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Queensland's newest university campus is open for O-Week at Petrie, north of Brisbane, and its 1200 inaugural students will attend their first classes from Monday.
There is such pent-up education demand in the fast-growing Moreton Bay region, the University of the Sunshine Coast expects the number of students to triple within three years.
The university's chief operating officer, Scott Snyder said he expected enrolments to reach 10,000 before too long.
Dr Snyder said regional unversities needed catchment areas of about 1 million residents to be viable.
The University of the Sunshine Coast has campuses at Sippy Downs, Caboolture, Gympie and won the public tender in late 2015 to operate the latest university campus at Petrie.
In this combined Sunshine Coast and Moreton Bay catchment is the 1 million residents needed to keep the campus operating.
Most students come from local schools and fewer than 24 are international students.
University of Sunshine Coast's brief is to address the problem of Moreton Bay students travelling more than three hours to get to university classes and the very low rate of university participation.
USC's Moreton Bay campus sits right beside the Petrie train station, giving perfect access to a population of 450,000 residents eager to get to a full university.
Dr Snyder puts it this way: "I just think it was easier for universities to work in the metropolitan setting."
"More than 53 per cent of young adults in Brisbane have a degree. When you cross the Pine River it drops to 24 per cent," he said.
"By the time you reach Caboolture it reaches 13 per cent. That was why the Commonwealth government supported the project."
Dr Snyder said all sides of politics supported the new university campus because the need was obvious.
Local federal MP Peter Dutton helped the fledgling university campus get federal cabinet support, Moreton Bay Regional Council acquired the old Petrie paper mill site in 2015, while the Queensland government provided state government land for the first actual university building in a land swap while part of the old Petrie paper mill site was remediated.
While the Petrie paper mill stopped operating in 2013, waste-water treatment continued on the site after it was acquired by Moreton Bay Regional Council in 2015.
Queensland's Department of Environment detected PFAS chemicals flowing into the North Pine Dam and fined the operators, Orana, in 2017.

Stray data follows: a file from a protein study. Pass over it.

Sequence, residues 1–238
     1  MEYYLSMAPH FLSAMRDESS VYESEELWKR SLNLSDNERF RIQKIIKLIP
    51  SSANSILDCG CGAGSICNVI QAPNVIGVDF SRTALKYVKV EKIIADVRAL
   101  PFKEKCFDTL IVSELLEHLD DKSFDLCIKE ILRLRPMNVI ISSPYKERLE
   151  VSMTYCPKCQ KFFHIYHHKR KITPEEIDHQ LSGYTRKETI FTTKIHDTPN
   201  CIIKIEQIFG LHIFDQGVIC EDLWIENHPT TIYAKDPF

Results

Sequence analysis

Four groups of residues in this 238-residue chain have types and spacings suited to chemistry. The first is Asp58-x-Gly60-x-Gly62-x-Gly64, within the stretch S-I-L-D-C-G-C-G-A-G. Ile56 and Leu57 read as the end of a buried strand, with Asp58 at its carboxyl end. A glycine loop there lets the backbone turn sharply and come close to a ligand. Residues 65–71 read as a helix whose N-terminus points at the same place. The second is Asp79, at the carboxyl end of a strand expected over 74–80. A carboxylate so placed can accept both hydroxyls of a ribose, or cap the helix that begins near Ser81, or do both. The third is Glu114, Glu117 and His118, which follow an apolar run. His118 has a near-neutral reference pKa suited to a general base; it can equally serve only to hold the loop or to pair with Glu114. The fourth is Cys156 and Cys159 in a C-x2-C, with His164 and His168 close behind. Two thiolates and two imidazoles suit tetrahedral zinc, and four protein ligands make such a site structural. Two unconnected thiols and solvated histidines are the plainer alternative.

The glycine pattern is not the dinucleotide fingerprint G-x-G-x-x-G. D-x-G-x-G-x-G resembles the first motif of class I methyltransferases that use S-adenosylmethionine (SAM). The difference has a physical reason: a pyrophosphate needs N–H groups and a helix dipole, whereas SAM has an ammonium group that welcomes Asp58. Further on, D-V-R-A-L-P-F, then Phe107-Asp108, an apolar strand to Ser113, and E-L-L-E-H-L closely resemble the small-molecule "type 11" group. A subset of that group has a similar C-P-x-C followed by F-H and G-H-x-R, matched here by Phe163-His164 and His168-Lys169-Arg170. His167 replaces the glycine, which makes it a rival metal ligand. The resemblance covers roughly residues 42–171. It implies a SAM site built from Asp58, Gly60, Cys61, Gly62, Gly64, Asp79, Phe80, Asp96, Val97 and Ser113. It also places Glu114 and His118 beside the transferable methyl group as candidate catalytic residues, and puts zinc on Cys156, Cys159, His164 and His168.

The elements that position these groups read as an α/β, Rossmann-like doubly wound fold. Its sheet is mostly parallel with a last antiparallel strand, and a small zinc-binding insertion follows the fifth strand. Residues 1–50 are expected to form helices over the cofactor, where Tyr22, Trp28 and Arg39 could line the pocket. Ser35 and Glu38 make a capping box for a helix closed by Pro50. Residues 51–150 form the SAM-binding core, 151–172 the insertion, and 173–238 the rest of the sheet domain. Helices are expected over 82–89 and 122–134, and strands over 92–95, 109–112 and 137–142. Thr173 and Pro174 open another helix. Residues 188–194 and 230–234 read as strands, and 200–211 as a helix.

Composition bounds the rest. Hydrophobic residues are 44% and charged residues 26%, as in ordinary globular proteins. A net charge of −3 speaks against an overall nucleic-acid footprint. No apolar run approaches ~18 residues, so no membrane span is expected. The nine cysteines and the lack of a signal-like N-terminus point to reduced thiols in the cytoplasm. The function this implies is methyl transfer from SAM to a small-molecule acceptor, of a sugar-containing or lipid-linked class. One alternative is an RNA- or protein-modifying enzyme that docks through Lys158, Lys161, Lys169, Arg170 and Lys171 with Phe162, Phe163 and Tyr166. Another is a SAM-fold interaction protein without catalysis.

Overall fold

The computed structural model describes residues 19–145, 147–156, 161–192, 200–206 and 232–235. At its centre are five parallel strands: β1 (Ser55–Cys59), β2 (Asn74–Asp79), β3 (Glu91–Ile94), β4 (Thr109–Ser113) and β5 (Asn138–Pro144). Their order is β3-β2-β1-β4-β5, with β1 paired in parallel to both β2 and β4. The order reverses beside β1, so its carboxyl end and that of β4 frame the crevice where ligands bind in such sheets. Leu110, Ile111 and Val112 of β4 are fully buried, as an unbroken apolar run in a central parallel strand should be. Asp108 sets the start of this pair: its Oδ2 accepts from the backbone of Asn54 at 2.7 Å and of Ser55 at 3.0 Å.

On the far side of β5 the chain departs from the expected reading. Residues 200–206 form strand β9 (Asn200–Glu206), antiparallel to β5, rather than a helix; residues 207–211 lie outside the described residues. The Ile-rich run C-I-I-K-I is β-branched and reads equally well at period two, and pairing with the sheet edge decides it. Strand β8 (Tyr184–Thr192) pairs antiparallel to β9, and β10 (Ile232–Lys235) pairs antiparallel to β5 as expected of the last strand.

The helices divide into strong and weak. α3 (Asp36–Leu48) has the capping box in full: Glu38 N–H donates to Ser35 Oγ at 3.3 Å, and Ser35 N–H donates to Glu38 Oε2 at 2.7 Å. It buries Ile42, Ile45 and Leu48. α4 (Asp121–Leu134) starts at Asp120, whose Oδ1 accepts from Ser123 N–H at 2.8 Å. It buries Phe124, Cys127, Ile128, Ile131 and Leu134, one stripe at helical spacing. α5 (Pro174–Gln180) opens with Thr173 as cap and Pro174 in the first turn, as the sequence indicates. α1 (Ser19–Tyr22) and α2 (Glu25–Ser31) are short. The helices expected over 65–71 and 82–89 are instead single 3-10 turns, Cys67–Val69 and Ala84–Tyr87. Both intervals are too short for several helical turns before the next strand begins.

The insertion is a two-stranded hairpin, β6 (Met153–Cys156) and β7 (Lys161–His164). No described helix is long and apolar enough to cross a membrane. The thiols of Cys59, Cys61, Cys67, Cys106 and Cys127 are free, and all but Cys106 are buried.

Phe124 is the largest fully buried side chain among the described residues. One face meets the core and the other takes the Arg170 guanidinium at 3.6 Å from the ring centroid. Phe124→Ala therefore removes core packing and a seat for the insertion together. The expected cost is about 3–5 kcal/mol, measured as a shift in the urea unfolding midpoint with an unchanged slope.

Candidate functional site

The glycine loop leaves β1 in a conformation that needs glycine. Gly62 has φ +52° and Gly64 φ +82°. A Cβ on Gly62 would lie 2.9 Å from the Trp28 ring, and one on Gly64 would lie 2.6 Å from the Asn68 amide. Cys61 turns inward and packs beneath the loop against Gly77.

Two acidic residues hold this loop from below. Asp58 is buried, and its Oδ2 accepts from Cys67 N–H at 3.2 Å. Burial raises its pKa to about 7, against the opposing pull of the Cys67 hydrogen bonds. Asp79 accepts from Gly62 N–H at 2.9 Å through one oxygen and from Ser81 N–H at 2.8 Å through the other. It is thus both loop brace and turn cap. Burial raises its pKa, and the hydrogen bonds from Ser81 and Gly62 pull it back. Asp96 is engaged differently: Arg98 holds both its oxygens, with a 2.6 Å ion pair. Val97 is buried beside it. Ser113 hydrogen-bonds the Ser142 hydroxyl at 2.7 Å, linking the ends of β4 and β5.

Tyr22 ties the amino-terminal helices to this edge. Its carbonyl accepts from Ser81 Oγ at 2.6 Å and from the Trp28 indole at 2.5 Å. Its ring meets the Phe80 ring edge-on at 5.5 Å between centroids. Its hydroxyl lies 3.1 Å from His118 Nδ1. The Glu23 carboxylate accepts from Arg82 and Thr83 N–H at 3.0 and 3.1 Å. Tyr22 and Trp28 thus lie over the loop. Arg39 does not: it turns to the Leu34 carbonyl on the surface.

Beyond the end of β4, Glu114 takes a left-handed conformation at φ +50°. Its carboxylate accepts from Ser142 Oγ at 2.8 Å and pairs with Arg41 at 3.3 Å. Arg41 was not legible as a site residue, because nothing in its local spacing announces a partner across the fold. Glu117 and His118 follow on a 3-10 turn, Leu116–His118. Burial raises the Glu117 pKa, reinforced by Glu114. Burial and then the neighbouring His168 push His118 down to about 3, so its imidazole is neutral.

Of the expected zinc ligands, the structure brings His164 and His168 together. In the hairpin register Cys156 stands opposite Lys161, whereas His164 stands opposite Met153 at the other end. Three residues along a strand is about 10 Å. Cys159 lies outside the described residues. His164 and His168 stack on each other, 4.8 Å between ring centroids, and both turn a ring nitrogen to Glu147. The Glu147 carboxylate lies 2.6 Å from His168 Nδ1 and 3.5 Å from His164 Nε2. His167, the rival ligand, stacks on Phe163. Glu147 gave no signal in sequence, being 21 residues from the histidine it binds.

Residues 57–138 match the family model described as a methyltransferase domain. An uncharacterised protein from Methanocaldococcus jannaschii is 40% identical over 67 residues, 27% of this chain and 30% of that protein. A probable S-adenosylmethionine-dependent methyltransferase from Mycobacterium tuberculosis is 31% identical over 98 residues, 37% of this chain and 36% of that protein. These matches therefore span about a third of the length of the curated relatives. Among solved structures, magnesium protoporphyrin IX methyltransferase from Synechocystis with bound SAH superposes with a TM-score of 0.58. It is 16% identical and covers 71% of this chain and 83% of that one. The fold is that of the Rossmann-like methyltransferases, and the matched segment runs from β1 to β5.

A subsequent Environment Department human ecological assessment found the low levels of PFAS "indicated that there was no unacceptable health risk for people on the site or nearby".
Next week, 1200 students will begin their choice in 50 degree programs within business, teaching, nursing, engineering, robotics, "mecha-tronics" environmental science, computer science, communications and psychology.
For the first years, USC Petrie will operate as "a university under one roof".
The sole building on the site has 50 rooms for students to be taught, ranging from small consulting rooms to larger collaborative workshops where engineering students can share their ideas on large screens, with a larger screen at the front of the "classroom".
Life drawing classes are held in one of the few classrooms without windows, within the creative industries strand.
There is a traditional auditorium with 460 seats, while upstairs on level two is a 120-seat medical laboratory, simulation hospital wards for nursing students and an engineering teaching space.
Here is a change for the environmentally friendly era.
You cannot buy bottled water on this campus. Instead students are encouraged to use a number of self-filling water stations, which tell you how many plastic bottles you had not sent to landfill - 894 plastic bottles were saved by the time I had a drink.
The train station is 100 metres from the campus front door and there is a 24-hour campus security office right at the front door.
Thankfully the campus contains one thing that will never change at modern universities: 24-hour computer access room for students who need to submit assignments right on deadline.